Not all mountain passes are lonely.
Come meet the Mahmat Troth and the One they adore. Only in the high pass will you discover what the Black Goat truly is.
Go read that publishers blurb again. Pretty cool eh? Well … not really … Or maybe it is. I don’t know. Because this isn’t an adventure, it’s a place. There’s nothing wrong with that. I’ve often thought that it would be cool to do a series of products around medieval ‘businesses’, describing what they do and how they do it, with floorpans and some personalities. A rope walk, for instance. Then you could use that in your game. That’s the intent behind this product … it’s more place than adventure … which means, no matter how cool, I probably would not have purchased/reviewed that if I known it. Which, in a way, is the entire point of me publishing my thinking n these reviews: ensuring everyone else doesn’t fall in to the mistakes I have. It doesn’t matter how good the chair if in fact I thought I was buying a loaf of bread. In the end, this is a missed opportunity.
This describes a mountain pass that houses an oracle: The Black Goat. It has maybe eight encounter areas and three or four factions briefly described. There’s the Black Goat proper; the oracle that lives in the cave. There’s the tribe of creatures that live outside of the cave and serve as her … minions? There’s a handmaid in the cave as well, pulled from the tribe, who may have her own thing going on …. But only if I stretch things REALLY far. Finally there’s a tribe of different creatures that live down in the valley under the mountain pass. The two tribes mutually hate each other (Frankie!) and ownership of the pass, and thus the right to be minions of the Black Goat, sometimes changes hands. And, I’m sorry to say, that’s about it. Well, there’s a patron table for the Black Goat.
Oh, there’s other content here. A description of the tribal camp in the pass, a rumor table, a description of the Goat and her quarters, of the treasure cave, and so on. But it’s not really anything interesting, or of value. What’s present is a kind of general fact-based overview/summary, instead of the individual detail that would make for hooks. Do you want to know that there are 20+1d12 adult males and 4d14+20 adult females and 6d12 children and blah blah blah champions? Or do you want to know that Bob has a crush on Sally who’s father is the one that deals with traders and who secretly had a love affair child with a member of the opposing tribe? Both tribes are given a nice general overview which makes them REALLY interesting. The mountain pass tribe then gets a bit more, essentially detailing how many there are and how they eat gruel 24×7. But anything extra which would bring the situation to life is missing. One could argue that this is the job of the DM. One could also rebut that by saying: then why the hell did I buy this product in the first place if it’s my job to add everything? I would never argue that the DM doesn’t have obligation to bring the detail to life, but I WILL say that it’s the job of the designer, through the product, to inspire the DM to bring it to life. I’m not talking 24 pages on the ecology & diet of the tribes. I’m talking an extra sentence or two or paragraph to bring the thing to life … in exactly the same way the detail about the tribes does. The general overview of the tribes is short and is GREAT. But then it goes nowhere else … except in providing some mundane detail.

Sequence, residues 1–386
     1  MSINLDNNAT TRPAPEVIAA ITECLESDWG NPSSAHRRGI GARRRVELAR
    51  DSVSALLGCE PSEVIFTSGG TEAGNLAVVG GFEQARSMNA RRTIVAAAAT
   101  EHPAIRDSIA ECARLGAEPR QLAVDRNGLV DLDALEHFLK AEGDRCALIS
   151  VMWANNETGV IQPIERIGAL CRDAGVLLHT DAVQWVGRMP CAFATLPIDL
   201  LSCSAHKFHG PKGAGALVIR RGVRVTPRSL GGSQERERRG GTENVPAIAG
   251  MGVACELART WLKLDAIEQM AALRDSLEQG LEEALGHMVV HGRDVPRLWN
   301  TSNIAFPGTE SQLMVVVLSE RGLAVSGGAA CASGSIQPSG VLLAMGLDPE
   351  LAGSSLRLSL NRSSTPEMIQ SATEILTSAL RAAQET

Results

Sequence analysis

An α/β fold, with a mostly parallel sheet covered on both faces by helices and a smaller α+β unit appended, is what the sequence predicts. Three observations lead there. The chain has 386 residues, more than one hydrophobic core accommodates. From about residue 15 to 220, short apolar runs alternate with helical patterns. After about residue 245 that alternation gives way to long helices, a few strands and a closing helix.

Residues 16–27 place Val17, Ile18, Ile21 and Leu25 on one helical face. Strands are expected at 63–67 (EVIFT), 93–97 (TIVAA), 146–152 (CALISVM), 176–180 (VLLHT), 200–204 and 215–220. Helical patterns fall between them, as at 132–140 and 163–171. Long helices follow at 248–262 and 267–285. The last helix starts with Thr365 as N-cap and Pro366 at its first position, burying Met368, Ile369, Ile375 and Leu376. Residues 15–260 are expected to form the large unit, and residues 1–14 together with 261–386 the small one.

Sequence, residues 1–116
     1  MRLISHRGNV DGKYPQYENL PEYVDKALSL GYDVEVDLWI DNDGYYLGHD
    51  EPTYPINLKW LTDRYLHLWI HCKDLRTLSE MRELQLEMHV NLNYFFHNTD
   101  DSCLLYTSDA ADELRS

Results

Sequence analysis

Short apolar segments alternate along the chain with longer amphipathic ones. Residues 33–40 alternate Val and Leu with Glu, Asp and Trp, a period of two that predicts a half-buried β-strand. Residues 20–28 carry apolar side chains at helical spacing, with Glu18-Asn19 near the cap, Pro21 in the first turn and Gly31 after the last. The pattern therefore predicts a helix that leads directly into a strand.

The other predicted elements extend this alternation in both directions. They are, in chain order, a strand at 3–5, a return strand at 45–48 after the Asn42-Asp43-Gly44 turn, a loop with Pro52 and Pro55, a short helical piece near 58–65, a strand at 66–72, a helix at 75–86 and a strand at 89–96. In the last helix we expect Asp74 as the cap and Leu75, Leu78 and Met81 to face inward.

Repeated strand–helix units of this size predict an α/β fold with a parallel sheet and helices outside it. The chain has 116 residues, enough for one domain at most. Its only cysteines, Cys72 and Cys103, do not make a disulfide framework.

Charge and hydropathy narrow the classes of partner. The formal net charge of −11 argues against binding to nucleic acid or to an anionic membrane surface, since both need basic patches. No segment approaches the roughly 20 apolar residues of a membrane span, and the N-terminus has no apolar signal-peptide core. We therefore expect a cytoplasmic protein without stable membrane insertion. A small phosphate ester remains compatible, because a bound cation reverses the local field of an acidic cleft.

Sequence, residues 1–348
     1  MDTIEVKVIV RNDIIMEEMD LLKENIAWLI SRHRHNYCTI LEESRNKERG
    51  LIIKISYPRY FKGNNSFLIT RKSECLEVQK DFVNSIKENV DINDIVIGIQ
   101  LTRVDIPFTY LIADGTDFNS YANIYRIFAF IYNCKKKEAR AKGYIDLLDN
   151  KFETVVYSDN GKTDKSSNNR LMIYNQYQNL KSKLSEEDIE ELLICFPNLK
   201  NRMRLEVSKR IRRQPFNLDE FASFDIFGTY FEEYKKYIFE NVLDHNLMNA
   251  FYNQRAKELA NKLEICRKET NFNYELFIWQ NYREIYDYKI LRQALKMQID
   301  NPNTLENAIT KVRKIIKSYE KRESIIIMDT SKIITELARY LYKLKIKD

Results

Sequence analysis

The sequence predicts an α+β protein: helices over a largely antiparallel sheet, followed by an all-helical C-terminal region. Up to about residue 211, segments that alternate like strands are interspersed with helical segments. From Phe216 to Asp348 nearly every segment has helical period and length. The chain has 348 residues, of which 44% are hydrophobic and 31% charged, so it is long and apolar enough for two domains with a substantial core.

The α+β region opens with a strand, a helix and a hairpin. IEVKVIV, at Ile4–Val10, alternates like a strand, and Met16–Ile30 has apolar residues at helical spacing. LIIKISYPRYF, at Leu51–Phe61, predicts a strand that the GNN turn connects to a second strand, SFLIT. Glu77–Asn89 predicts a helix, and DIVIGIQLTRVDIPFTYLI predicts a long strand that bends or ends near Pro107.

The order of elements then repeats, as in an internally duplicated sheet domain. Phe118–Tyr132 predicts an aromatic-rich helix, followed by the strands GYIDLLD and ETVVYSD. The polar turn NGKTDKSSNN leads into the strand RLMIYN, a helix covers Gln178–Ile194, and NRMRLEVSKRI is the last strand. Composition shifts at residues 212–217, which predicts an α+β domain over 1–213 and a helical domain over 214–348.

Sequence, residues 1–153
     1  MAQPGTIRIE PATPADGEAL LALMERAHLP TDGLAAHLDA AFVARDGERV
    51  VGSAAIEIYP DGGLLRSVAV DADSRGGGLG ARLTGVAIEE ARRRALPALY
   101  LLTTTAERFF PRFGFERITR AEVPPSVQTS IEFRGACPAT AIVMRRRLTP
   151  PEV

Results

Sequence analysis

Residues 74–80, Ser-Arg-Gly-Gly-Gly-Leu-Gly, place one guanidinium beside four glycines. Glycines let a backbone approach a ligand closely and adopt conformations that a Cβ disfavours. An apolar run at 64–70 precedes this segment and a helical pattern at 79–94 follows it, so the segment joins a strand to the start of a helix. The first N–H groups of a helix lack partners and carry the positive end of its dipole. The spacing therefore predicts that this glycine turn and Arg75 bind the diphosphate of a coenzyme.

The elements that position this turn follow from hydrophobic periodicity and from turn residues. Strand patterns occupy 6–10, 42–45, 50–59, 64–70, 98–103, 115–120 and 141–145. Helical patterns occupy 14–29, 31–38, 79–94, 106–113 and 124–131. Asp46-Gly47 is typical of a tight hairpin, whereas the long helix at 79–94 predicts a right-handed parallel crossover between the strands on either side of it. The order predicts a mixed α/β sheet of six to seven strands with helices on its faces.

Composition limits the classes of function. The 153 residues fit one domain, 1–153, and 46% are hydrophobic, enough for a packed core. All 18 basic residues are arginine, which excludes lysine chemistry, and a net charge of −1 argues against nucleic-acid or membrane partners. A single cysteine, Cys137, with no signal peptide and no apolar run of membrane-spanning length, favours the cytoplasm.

The Goat, her handmaid, and the four or so caves suffer from the same problem. Generic detail. Her quarters are ‘lavish.’ The treasure chamber has ‘bags of rice and dried meats and more lavish fare.’ Nope, that don’t cut it. What kind of rice? What kind of more lavish fare? SHOW don’t tell. Don’t say it’s lavish. Don’t say it’s opulant. SHOW why it’s that way. Describe it. That brings it to life in the DM’s mind and let’s them hook off of it. The rumors are more of the same. Generic and uninspiring. ‘The people beyond the pass are passionate traders.’ Well, ok, I guess I could do something with that. But a beggar noting how we was traded out of his lifes possession, in a fair trade, with the people beyond the pass, gives many more opportunities.
This product has a lot of potential. The core idea is a good one. The tribes are GREAT … from 10,000 feet. But it fails to deliver beyond the elevator pitch.
This is available on DriveThru.